If you want specific advice about where to stay and what to do because you're traveling with kids, or a pet, a motorcycle or a limited budget, we've got answers. This section is geared towards the little things that might make your trip a little more convenient if you're traveling with special requirements. Flagstaff is certainly a pet-friendly and family-friendly town. We've done some of the research for you and have narrowed down the lodging, restaurants and activities that's best fit for your family (furry ones included). From free breakfast at your hotel for the whole family to patios where your dog sit and enjoy the sun with you while you drink your morning coffee, this is our way of trying to make your search (and visit) a little easier and more enjoyable.
Since Route 66 is a favorite ride for many bikers, our biker-friendly section includes hotels and motels that understand the importance of a safe place to leave the bike, perhaps some tools and accessories needed for quick tune-ups, and perhaps a bar or two in the area to sit with friends and plan the next day's ride.
If you know of any hotel, activity or restaurant that we're missing, feel free to contact us and let us know!
The most popular attraction near Flagstaff is the Grand Canyon. Flagstaff is the nearest city to the Grand Canyon, where visitors can find a range of hotel and dining options as well as other things to do. Towns like Williams and Tusayan are practically at the entrance of the Grand Canyon but are small and have limited options for visitor. Also, accoomadations there book up quite a bit in advance. In Flagstaff, you'll be able to find Grand Canyon helicopter, hiking, and jeep tours as well as shuttles and flights to the Grand Canyon.San Francisco Peaks
Mountain activities are a way of life in Flagstaff. Whether its hiking, mountain biking, snow sports or taking pictures of the mountains, the San Francisco Peaks are the geological focus of the town. Many outdoor outfitters in Flagstaff rent and sell different types of mountain gear year round. Access to the mountain is easy and most vehicles are able to access most of the roads except for during times of heavy snow. But the most easy, common and inexpensive way to explore the Peaks is a good, old fashioned nature hike.Other Popular Attractions:
Here on Flagstaff.com, you'll find loads of visitor information—from how to get to Flagstaff to what to expect of the weather, plus sample itineraries and straight talk advice on dozens of topics. We've put it all at your fingertips and have even created a custom trip planning quiz, question and answer forum, visitor reviews and a place to save your favorite places to stay and things to do.
The most essential and frequently requested visitor information relate to maps, directions and transportation. After all, getting here is the first step before checking into your lodging and hopping on a tour or a hiking trail. While there's no telling exactly what each individual visitor needs, most people come to Flagstaff by car. Flagstaff is about 151 miles north of Phoenix Sky Harbor, which takes about 2 hours 15 minutes to drive. Driving yourself is the best way to get to Flagstaff because you'll find yourself using your car each day of your vacation to explore all the other great areas surrounding the city like the Grand Canyon and Sedona. Plus the fascinating drives, side trips and trailheads throughout Northern Arizona are always well-worth having your own vehicle so you can go exploring at your own pace.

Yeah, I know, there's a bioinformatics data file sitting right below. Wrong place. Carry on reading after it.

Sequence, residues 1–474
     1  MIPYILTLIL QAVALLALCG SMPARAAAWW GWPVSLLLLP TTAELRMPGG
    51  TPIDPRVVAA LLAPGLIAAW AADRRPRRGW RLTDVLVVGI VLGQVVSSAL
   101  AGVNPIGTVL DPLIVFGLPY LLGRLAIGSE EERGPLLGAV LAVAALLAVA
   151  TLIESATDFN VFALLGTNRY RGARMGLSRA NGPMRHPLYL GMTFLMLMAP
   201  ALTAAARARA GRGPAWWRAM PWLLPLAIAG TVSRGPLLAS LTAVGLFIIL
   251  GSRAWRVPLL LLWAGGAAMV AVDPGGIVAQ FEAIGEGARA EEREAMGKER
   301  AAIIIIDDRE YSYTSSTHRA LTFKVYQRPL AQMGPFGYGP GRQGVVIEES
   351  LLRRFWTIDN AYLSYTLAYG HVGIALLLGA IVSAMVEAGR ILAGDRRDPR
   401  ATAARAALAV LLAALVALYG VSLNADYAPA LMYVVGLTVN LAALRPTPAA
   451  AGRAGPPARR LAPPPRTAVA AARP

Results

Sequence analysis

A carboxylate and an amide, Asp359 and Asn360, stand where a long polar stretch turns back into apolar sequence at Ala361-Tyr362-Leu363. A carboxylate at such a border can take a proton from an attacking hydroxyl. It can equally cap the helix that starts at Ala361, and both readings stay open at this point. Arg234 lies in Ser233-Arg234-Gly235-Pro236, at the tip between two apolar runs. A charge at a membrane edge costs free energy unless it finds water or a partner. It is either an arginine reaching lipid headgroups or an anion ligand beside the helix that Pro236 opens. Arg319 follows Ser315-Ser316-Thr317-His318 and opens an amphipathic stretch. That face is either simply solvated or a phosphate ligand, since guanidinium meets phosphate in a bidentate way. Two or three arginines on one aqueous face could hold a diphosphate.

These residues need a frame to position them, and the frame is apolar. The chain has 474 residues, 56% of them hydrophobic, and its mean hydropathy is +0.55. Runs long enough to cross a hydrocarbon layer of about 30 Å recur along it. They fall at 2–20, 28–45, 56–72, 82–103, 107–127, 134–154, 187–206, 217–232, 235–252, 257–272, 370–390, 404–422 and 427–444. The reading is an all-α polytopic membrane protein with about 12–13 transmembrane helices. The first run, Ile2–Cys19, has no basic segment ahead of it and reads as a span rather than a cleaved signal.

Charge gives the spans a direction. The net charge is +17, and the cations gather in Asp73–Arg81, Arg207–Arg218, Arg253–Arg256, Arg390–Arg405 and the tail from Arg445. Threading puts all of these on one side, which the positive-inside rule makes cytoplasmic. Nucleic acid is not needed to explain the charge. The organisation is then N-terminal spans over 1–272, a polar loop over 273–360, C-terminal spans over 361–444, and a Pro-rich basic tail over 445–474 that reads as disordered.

If you choose not to drive yourself, a Phoenix airport to Flagstaff shuttle(s) is about $45 per person each way and public bus transportation in Flagstaff is available as well as access to reliable taxi cabs. Flagstaff is small enough that you can either walk, bike, or get around town in a taxi for about $5 to $10 per ride typically. There are also shuttles and tour buses that leave to the Grand Canyon and Sedona from Downtown Flagstaff. If the only goal of your trip is to visit Flagstaff and the Grand Canyon with no further exploration, this can definitely be accomplished through shuttles and buses. Having said that, there are so many wonderful things to see in this area, and you might regret not having your own mode of transportation once you get here. If you do find yourself in this position, there are several car rental locations in Flagstaff.
The second most frequently asked topic area is related to Flagstaff weather, what to pack and when to visit. Flagstaff lures in visitors year-round with its four-season climate. The summers are glorious and cool with temperatures in the 70s (degrees Fahrenheit) in the day and during monsoon season (late summer), Flagstaff often gets refreshed with afternoon rain. Flagstaff is also known as the "Dark Sky City" so camping and star-gazing is among one of the favorite things to do in the summer for Arizonans. Fall weather brings around the glowing aspen and oak leaves with day temperatures in the mid-60s and lows in the 30s. Winter in Flagstaff is snowy with freezing temperatures. Make sure you're prepared with full-winter clothing, and chains for non-4-wheel-drive vehicles are not a bad idea. Make sure to check road conditions in the winter. www.adot.gov. Spring is beautiful with warming temperatures, but still on the cool side. It's always a good idea to bring light jackets or sweaters when in Flagstaff, because it can be quite windy even on those warmer days.
Flagstaff is very casual in vibe and dress. There's no need to go out of your way to dress-up for a nice dinner out unless you want to. Restaurants are used to serving people who are just coming back from a big day of adventuring, road-tripping and sightseeing. Come as you are and have a good time.